February 7th, 2023

The Gospel according to Mark (7:1-13) 

When the Pharisees with some scribes who had come from Jerusalem
gathered around Jesus,
they observed that some of his disciples ate their meals
with unclean, that is, unwashed, hands.
(For the Pharisees and, in fact, all Jews,
do not eat without carefully washing their hands,
keeping the tradition of the elders.
And on coming from the marketplace
they do not eat without purifying themselves.
And there are many other things that they have traditionally observed,
the purification of cups and jugs and kettles and beds.)
So the Pharisees and scribes questioned him,
“Why do your disciples not follow the tradition of the elders
but instead eat a meal with unclean hands?”  
He responded,
“Well did Isaiah prophesy about you hypocrites,
as it is written:

This people honors me with their lips,
but their hearts are far from me;
in vain do they worship me,
teaching as doctrines human precepts.

You disregard God’s commandment but cling to human tradition.”
He went on to say,
“How well you have set aside the commandment of God
in order to uphold your tradition!
For Moses said,
Honor your father and your mother,
and Whoever curses father or mother shall die.
Yet you say,
‘If someone says to father or mother,
“Any support you might have had from me is qorban”‘
(meaning, dedicated to God),
you allow him to do nothing more for his father or mother.
You nullify the word of God
in favor of your tradition that you have handed on.
And you do many such things.”


The Jesus of Mark’s Gospel does not shy away from challenging the religious authorities of His time, whenever He Himself is challenged for how He (or His disciples) choose to live out their lives and their faith.  Today’s story is an example of that conflict.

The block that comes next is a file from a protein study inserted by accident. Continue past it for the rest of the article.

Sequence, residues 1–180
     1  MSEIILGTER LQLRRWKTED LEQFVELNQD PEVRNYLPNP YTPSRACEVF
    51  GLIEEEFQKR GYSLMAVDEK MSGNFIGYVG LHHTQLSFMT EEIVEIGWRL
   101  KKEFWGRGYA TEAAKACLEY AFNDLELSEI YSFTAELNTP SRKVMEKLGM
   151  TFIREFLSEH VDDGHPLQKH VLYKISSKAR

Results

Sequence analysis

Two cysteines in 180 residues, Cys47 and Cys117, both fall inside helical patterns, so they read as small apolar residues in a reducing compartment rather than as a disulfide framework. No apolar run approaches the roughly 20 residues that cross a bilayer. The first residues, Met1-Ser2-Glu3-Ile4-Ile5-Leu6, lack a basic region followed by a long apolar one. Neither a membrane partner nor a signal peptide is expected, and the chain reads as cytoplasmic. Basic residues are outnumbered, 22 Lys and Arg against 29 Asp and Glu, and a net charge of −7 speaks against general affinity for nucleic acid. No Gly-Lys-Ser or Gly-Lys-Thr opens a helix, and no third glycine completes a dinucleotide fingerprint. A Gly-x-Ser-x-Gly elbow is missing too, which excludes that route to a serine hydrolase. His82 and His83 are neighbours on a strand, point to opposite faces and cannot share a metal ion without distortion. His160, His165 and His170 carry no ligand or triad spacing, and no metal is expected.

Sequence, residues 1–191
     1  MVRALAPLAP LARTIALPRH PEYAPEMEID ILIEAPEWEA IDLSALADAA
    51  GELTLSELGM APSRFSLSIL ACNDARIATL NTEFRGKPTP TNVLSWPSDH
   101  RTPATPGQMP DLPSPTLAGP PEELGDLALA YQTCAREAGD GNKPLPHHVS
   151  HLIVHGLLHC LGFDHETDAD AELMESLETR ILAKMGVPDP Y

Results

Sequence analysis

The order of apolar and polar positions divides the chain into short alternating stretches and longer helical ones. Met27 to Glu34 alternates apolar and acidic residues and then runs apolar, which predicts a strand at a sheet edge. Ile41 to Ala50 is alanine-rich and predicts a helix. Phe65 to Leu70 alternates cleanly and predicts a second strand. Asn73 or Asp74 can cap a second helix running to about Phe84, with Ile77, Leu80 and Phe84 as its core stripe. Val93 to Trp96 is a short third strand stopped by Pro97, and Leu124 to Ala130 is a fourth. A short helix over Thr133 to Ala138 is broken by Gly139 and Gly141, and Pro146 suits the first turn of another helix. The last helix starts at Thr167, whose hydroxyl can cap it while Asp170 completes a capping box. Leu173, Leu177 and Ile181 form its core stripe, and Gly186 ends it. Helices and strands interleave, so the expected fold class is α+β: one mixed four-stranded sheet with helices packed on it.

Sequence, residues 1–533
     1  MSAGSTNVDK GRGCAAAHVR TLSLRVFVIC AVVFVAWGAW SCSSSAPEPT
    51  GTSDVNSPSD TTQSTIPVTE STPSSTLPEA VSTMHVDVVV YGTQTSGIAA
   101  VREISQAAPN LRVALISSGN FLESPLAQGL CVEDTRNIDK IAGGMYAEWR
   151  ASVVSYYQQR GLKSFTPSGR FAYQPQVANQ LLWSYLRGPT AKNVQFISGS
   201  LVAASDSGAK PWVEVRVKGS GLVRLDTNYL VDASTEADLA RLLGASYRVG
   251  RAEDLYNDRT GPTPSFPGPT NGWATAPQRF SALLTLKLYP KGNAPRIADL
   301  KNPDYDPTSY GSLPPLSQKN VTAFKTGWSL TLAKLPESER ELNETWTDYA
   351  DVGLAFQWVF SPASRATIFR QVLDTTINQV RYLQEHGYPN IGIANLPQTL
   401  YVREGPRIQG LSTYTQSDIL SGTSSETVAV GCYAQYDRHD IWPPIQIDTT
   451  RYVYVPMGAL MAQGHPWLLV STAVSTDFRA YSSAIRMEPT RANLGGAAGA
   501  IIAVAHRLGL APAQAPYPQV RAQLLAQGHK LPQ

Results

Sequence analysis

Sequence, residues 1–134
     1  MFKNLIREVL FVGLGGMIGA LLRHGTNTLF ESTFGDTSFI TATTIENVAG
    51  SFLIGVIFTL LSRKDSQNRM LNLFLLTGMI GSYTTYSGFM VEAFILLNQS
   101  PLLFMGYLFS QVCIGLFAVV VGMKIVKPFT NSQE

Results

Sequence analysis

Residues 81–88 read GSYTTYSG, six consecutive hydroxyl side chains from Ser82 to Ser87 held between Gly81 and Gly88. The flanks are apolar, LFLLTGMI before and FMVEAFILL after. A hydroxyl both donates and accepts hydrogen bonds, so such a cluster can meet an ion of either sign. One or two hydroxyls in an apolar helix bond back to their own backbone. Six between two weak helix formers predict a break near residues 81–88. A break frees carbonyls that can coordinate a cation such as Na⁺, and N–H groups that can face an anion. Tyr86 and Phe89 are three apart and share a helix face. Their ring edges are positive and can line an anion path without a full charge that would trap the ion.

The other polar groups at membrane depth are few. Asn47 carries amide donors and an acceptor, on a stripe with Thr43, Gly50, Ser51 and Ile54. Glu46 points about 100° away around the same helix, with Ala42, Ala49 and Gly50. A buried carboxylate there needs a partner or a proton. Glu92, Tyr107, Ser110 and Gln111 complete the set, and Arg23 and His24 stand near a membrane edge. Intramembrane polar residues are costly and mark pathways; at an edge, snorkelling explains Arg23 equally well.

It comes down to Jesus’ main complaint against the Pharisees and scribes: they lived their faith out through appearances, not through faith that came from the heart.  The Pharisees, you may recall, are those who taught about the Law of Moses, yes, but they also enforced it.  And, as we see in today’s story, they also enforced the “oral traditions” of Israel, which were in addition to the words recorded in the Hebrew Scriptures.

Enforcing those other “traditions” is not necessarily a bad thing, but the Pharisees saw them as equivalent to the Law of Moses, and as we see in today’s Gospel, they could get very specific and could single out a seemingly minor infraction as being equivalent to breaking one of the Ten Commandments.  The point is that the Pharisees and scribes were more focused on appearances, than on having actual faith.  That would continue to be the root of the conflict between them and Jesus throughout His ministry.

For me as a follower of Jesus, I am called to see my whole life as an expression of my faith.  It isn’t about how someone may see outwardly that indicates my faith.  My faith should be in evidence from all that I do.  Am I a kind person?  Do I forgive others?  Do I ask forgiveness when I have wronged another?  Do I care for those who are less fortunate than I am?  Do I share my blessings with those who are in need? 

Those are the things we are called to do as followers of Jesus.  We are to live the life of light and love, and not condemn others for what we may think they are not doing correctly.  Let us focus on that, and leave the rest to God.  As one of the internet memes said that I read recently, “Just love everyone, and I’ll sort them out later. Signed, God”

Action for the Day:

Pay special attention to how you act and think toward others.  If you catch yourself judging another, ask God to help you to stop.  Seek to only build others up today!

If you would like to hear this reflection, click the link below! 

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